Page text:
Monday, September 8, 2014

First Time Self-Publisher - Things I Wish I Would Have Known!

While writing my debut YA sci-fi adventure novel, Spartanica, I fully planned to go the traditional publishing route.  I even had a two-pronged strategy all mapped out:  

  1. First, I would submit to a big six publisher that worked directly with authors. I identified one with an imprint geared to my genre.
  2. If that didn't work, I'd submit to a literary agent I had identified with a particular interest in YA sci-fi.

As the authoring phase of Spartanica neared conclusion, I started reading more and more horror stories about working with agents and publishers, especially as a first-timer bringing nothing to the table other than a big smile and a manuscript.  Numerous articles and subsequent comments reinforced that, even if I landed a publishing deal, I might have to wait six months or more to see my book in print. Assuming that happened, the publishing house would have no real motive to put any resources behind promoting my product. Most of that was going to have to come from me.  This revelation together with the realization that I would only make 10% - 15% on each sale sealed the deal.  It'd be lot more work, but I was going the indie route.  If Spartanica didn't take off, at least I knew it wouldn't be because of lack of effort and attention.

Like any profession, publishing has a number of subtle knowledge bits only gained through experience  I expected my first pass through the process to include a few of these, and wasn't disappointed. For instance: 

Book Stores & Wholesale Returns Policies:
I mentioned this in my previous article. As an indie publisher, make sure your chosen distribution service accepts book returns from retail outlets. Most brick and mortars, especially independent stores, require this. A distribution service without a wholesale returns program is dead to the independents, and so is your book. 

Pre-Publishing Literary Awards:
I anticipated having to do the following with my book:

  1. Publish and make it widely available in ebook and paperback format,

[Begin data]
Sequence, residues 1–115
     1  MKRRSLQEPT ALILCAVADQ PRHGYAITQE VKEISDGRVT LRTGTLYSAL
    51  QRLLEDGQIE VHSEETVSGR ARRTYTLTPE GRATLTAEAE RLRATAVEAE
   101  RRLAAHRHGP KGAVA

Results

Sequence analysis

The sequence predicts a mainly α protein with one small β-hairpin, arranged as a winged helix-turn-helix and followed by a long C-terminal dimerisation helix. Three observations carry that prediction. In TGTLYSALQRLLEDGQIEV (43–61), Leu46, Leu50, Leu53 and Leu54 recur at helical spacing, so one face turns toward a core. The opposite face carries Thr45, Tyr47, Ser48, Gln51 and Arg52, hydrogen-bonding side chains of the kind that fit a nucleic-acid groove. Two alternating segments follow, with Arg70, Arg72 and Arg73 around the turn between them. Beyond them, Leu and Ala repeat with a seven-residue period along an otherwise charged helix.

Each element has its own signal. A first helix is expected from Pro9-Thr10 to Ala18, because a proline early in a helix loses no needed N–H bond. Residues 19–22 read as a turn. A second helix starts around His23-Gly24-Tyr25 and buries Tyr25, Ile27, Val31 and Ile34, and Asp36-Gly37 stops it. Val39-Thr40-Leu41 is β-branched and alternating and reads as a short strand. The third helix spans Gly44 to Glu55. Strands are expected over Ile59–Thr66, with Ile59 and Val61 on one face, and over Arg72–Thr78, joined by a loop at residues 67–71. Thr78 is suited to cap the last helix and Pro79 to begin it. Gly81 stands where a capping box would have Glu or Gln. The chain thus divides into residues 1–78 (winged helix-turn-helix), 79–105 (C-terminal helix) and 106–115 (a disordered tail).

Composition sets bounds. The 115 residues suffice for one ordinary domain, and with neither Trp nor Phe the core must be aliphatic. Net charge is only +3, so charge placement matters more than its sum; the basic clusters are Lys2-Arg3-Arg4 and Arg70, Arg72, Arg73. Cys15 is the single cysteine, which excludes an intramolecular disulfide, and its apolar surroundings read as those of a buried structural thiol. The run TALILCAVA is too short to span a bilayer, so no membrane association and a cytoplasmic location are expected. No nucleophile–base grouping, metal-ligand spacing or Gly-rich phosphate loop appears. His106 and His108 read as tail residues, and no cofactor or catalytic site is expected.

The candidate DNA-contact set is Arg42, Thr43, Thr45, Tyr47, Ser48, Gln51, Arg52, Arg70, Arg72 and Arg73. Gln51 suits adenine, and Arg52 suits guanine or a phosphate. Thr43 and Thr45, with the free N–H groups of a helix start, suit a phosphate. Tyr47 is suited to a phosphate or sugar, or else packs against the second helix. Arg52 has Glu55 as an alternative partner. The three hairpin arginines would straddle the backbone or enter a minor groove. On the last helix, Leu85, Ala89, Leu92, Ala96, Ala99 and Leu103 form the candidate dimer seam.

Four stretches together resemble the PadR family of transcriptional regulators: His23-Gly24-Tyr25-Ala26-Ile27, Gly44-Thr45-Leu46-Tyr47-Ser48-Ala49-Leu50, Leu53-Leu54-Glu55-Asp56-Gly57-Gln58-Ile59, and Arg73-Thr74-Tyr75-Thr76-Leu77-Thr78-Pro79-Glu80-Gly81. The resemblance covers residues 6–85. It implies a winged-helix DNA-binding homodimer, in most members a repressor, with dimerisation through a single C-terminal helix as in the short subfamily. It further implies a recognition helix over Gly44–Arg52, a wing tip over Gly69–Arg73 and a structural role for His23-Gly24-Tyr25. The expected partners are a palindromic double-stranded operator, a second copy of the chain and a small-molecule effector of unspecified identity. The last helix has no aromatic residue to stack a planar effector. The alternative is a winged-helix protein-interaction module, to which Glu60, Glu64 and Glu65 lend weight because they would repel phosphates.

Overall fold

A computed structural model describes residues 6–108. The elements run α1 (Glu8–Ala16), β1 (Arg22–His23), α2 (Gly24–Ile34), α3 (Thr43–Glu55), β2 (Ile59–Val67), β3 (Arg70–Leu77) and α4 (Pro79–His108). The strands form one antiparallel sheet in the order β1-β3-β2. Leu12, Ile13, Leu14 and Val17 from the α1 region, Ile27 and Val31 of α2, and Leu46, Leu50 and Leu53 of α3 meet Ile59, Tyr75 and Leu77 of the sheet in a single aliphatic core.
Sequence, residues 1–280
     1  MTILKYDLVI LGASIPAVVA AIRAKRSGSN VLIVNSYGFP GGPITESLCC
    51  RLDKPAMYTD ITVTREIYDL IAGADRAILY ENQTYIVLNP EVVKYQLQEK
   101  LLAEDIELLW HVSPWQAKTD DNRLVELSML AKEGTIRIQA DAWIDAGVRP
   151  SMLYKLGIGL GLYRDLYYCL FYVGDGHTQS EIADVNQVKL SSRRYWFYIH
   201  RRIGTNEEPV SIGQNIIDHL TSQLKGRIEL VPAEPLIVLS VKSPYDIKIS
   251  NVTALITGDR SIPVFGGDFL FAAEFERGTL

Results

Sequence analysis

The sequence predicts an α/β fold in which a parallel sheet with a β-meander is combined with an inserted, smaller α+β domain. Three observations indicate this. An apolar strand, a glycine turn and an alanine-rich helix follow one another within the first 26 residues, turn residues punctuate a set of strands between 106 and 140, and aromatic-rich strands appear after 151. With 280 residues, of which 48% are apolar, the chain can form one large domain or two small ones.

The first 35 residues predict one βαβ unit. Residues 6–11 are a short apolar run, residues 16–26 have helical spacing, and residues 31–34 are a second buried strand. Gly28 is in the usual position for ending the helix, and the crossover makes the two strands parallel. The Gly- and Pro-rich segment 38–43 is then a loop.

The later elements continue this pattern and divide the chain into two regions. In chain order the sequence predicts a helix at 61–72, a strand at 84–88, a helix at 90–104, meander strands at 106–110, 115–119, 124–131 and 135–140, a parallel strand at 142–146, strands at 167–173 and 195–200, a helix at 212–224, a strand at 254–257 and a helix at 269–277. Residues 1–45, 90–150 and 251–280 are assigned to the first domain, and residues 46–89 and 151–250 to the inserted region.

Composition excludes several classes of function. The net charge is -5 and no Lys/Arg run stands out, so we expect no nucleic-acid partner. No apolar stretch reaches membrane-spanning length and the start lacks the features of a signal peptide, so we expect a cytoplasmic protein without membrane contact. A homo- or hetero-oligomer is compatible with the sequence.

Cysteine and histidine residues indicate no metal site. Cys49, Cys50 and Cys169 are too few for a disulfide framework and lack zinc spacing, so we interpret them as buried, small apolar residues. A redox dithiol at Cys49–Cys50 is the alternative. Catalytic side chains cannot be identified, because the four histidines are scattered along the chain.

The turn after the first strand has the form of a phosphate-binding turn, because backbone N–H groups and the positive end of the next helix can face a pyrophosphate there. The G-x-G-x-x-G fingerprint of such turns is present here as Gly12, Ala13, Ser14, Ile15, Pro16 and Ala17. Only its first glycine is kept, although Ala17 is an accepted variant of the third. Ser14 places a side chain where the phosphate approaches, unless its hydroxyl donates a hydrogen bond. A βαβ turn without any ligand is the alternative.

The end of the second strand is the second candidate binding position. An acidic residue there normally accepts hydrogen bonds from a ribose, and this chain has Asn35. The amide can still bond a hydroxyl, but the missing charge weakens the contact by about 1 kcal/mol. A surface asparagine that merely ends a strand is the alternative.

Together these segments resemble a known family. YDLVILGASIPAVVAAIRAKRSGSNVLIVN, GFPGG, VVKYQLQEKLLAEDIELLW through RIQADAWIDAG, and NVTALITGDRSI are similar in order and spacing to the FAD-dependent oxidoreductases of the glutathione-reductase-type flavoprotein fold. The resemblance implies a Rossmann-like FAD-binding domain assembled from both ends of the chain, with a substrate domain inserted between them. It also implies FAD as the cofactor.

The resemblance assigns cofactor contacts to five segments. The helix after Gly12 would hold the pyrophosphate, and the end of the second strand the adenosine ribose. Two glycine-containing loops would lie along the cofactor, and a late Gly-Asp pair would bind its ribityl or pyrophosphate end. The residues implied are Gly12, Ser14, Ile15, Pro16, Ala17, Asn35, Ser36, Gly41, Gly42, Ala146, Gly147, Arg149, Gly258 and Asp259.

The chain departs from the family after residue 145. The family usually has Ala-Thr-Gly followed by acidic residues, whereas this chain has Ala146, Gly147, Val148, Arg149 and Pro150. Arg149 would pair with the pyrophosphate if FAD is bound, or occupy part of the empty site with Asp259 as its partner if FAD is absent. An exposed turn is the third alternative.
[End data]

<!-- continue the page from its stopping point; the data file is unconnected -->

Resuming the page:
2. Get reviews, especially on the big hitters like Amazon and B&N, and 
  3. Win some literary awards. 

I've been fortunate enough enough to achieve all three. What I didn't know, and what likely hurt future sales, was that a number of the most prestigious awards required access to your manuscript up to four months PRIOR to publishing.  One main reason I went Indie was to get my beta-tested, copy-edited, spit and polished title to market in a timely fashion. Only after publishing did I realize I'd missed my shot.  The concept of sending my pre-published manuscript out for awards consideration never even registered.

Working with Illustrators is Challenging & Time Consuming
Given Spartanica is targeted at young adult sci-fi readers, the imagery around the characters, beasts, and locations had to be vibrant, engaging, and outright fun.  My beta readers helped me get there in the story, but I knew Spartanica-based graphics would only help.

I ended up using a combination of local and remote resources. The process was a hassle as each illustrator always had a bevy of other things to do.  What struck me most was their general inability to draw, even conceptually, from the descriptions in my book.  They simply could not do the translation. I finally figured out that if I wanted to avoid hours of repetitive discussion and rework, I needed to supply example images for the illustrator to start with.  They had a much easier time drawing my illustrations when they could start with something visual.  It meant a lot more time for me, but ultimately worked out.  See my Pinterest account for numerous examples of the resulting illustrations.

I was disappointed with the average author commissions I'd read about with traditional publishing, however, the self-publishing route hasn't been an improvement.  I'm sure this can change as a novel becomes more popular and the ebook price can be raised.  I've had the Spartanica ebook listed at $2.99 with specials at $.99. The paperback on Amazon sells for a little over $10.  Via CreateSpace and Lightning Source, I take home the usual 10% - 15%, which is comparable to traditional commissions. I take a much bigger slice of the ebook, but the retail price is so low that my piece is about the same as a paperback sale. Hence, while traditional commission weren't impressive, I haven't seen self-publishing do much better.

Would Traditional Publishing Have Been A Smarter Decision?
Knowing what I know now, I would still have self-published Spartanica.  As a completely unknown, first-time author, I believe landing a publishing deal would have been difficult and time consuming, and may never have happened.

For my next book, however, I definitely want to try the traditional route.  Now, I have a published book with a thirty-review, four-and-a-half star Amazon rating and a terrific Kirkus review. I have a website, Facebook fan page, Twitter page, etc.  In short, I have some presence and following that can hopefully lend themselves to presenting a marketable image for a traditional deal.

Why the interest in going traditional?  Access to my target market.  I've had real challenges reaching young adults en-masse. Those that I've met that have read Spartanica LOVE IT! My kids come home from school or activities each week and tell me their friends are pounding the table for book two. Based on all the feedback I've received, I'm very confident the story is a winner, yet cracking the broader market has been elusive.  I need help there, and I'm hoping the traditional route can provide the needed guidance and exposure.

I'd appreciate any feedback from other author, literary agents or publishers.

Your friend in most excellent sci-fi,


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